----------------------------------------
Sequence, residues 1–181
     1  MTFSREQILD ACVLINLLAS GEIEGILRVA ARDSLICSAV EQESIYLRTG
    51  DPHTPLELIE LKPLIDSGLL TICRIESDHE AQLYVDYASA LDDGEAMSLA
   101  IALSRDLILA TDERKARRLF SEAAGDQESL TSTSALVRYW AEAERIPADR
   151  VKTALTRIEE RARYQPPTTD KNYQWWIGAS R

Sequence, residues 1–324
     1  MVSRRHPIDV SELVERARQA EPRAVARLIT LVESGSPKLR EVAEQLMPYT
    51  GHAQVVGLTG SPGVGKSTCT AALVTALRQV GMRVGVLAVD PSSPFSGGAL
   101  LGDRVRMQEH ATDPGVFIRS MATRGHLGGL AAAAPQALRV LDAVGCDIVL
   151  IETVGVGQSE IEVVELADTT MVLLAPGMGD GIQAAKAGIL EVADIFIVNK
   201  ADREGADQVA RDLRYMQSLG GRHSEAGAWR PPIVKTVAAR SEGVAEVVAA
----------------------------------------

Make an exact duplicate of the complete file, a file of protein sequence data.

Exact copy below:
Sequence, residues 1–181
     1  MTFSREQILD ACVLINLLAS GEIEGILRVA ARDSLICSAV EQESIYLRTG
    51  DPHTPLELIE LKPLIDSGLL TICRIESDHE AQLYVDYASA LDDGEAMSLA
   101  IALSRDLILA TDERKARRLF SEAAGDQESL TSTSALVRYW AEAERIPADR
   151  VKTALTRIEE RARYQPPTTD KNYQWWIGAS R

Sequence, residues 1–324
     1  MVSRRHPIDV SELVERARQA EPRAVARLIT LVESGSPKLR EVAEQLMPYT
    51  GHAQVVGLTG SPGVGKSTCT AALVTALRQV GMRVGVLAVD PSSPFSGGAL
   101  LGDRVRMQEH ATDPGVFIRS MATRGHLGGL AAAAPQALRV LDAVGCDIVL
   151  IETVGVGQSE IEVVELADTT MVLLAPGMGD GIQAAKAGIL EVADIFIVNK
   201  ADREGADQVA RDLRYMQSLG GRHSEAGAWR PPIVKTVAAR SEGVAEVVAA